Flexible LED Mat Can Bend and Fold for Any Emergency Lighting Situations

Running off three AA batteries, this FLEXiT blanket of LEDs is completely flexible and able to hold shape, meaning you can wrap and fold it around objects (your laptop, dog's tail, under the sink) for some urgent light-throwing.

There are 16 LEDs sprinkled across the silicone blanket, and there are even three light settings (I imagine for dim, dimmer, and dimmest light?) cost $30 on FLEXiT 

It's Official: LED Lights Are Coming

The future of lighting is here, it's just not evenly distributed. Light-emitting diodes (LED) lightbulbs have been coming on the market in the past few years, but their quality varies greatly, from "almost perfect" to "horrible."

The Qnuru bulbs use LEDs made by Cree. The versions are "cool white" (6000k temp), they're also available in "warm white" (3000k). They use a standard E26 socket and use respectively 6.4 watts and 9.2 watts, and they're both rated as replacing 60W incandescents, though the bigger OPAL definitely produces more light and has a wider beam angle.

They have a 50,000+ hours lifetime, which compares very favorably to about 15,000 hours for compact fluorescent (CFLs) and 2,500 hours for incandescent bulbs. It makes more sense to pay extra for quality if you're going to be potentially keeping these lights around for decades. In fact, they come with a 3 year warranty, not something you'll find on any fluorescent!

And of course, because they are LEDs, they don't contain any mercury, and they are a lot less fragile than CFLs and incandescents.

Dec 26, 2010

Why Do All the Christmas Lights Go Out When Only One Bulb Blows?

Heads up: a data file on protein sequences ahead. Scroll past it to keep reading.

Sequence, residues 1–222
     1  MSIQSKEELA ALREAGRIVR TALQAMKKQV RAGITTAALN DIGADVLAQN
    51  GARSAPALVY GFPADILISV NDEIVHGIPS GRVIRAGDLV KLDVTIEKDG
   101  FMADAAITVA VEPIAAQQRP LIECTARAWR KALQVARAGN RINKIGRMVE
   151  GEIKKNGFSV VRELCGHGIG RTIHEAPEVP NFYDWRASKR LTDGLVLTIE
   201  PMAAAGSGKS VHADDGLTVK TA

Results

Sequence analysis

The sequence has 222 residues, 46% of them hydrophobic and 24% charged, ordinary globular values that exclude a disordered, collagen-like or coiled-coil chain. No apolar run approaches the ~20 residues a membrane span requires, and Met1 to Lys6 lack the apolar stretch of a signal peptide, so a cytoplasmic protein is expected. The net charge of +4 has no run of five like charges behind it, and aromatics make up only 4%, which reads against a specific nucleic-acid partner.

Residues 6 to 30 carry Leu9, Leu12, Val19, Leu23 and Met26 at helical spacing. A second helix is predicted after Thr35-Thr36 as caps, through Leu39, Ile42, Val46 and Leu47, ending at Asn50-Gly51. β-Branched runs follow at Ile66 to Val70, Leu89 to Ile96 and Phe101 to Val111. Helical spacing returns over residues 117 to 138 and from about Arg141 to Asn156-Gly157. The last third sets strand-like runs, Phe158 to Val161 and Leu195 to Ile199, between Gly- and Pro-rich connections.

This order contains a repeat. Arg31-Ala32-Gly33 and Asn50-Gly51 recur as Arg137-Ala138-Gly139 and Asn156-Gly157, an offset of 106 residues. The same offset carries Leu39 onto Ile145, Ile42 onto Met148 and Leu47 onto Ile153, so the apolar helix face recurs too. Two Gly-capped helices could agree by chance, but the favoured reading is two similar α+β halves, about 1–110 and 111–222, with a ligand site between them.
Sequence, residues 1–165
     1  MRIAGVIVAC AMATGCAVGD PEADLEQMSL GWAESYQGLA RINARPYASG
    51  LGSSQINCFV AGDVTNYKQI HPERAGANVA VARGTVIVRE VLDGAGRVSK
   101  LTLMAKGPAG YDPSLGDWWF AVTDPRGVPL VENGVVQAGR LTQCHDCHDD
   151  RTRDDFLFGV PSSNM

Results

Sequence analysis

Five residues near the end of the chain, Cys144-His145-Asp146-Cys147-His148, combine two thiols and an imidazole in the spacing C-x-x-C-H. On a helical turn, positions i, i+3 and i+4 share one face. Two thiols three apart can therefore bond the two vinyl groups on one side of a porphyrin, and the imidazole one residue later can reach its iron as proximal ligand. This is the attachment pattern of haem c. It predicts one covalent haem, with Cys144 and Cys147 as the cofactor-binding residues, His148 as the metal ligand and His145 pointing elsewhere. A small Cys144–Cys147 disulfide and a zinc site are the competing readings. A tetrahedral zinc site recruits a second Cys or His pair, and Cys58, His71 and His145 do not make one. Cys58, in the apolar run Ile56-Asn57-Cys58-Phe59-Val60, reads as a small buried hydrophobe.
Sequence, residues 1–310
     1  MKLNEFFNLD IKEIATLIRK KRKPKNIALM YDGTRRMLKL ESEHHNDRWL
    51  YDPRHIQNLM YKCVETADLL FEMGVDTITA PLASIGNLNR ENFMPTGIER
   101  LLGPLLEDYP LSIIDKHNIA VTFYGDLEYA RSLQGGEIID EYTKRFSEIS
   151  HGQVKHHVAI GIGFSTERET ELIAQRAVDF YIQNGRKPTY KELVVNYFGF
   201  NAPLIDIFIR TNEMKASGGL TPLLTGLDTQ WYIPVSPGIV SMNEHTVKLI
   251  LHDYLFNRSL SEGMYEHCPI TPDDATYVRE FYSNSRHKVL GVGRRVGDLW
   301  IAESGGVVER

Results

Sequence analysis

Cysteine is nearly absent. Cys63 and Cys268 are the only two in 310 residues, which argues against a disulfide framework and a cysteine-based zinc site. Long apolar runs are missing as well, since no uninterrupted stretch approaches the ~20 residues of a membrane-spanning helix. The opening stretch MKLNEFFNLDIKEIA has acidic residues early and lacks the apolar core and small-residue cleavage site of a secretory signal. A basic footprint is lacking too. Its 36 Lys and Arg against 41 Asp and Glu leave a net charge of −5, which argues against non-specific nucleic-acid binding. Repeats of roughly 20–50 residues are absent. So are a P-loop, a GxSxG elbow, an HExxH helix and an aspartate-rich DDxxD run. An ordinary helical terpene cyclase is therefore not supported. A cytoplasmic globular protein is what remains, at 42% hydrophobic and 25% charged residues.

If you've dabbled in Christmas decorations with traditional Christmas lights, you'll know that when one bulb blows, the entire line goes out with it. Why is that? Because of how the manufacturers wire them.

That image above shows how the lights and power supply are typically wired (not the new LED varieties, though) in traditional Christmas lights. If the filaments of all the bulbs are intact, then the circuit is complete and all the lights work. But if one bulb so happens to break then the entire circuit is broken, thus making all the lights go out. It's basically much cheaper for manufacturers to build lights like this because it allows them to use this cheaper series wiring with inexpensive bulbs.

Chinese Tweeter Arrested on Wedding Day for Tweeting Joke

China's not allowed access to Twitter, but obviously there are "ways" to work around that.Cheng Jianping and her fiancé Hua Chunhui, were two such users. Cheng, however, was arrested for RTing her fiancé's joke—on their wedding day.

The situation was made even more traumatic, because her family and fiancé weren't told of her arrest—leading them to think she'd done a runner. All for retweeting her fiancé's tweet, which said:

"Anti-Japanese demonstrations, smashing Japanese products, that was all done years ago by Guo Quan. It's no new trick. If you really wanted to kick it up a notch, you'd immediately fly to Shanghai to smash the Japanese Expo pavilion."

It was turned into a joke because she added "angry youth, charge!" to her retweet.

So, instead of enjoying life as a newlywed, Cheng was sent to a women's labor camp, where she immediately went on hunger strike. She's to remain there for a year, for "disturbing social order." This comes only a week after Irish chap Paul Chambers was slapped with a guilty verdict for joking he was going to blow up Robin Hood airport in England. Tweeters, stay vigilant.

Dec 25, 2010

Make Your iPhone the Heart and Soul of Your Car Stereo

I get so frustrated when I'm in a new car and there's no way to plug in my iPod. Get with the times, car manufacturers! Or bring them up to speed yourself with the O'Car, a dedicated iPhone-based head unit.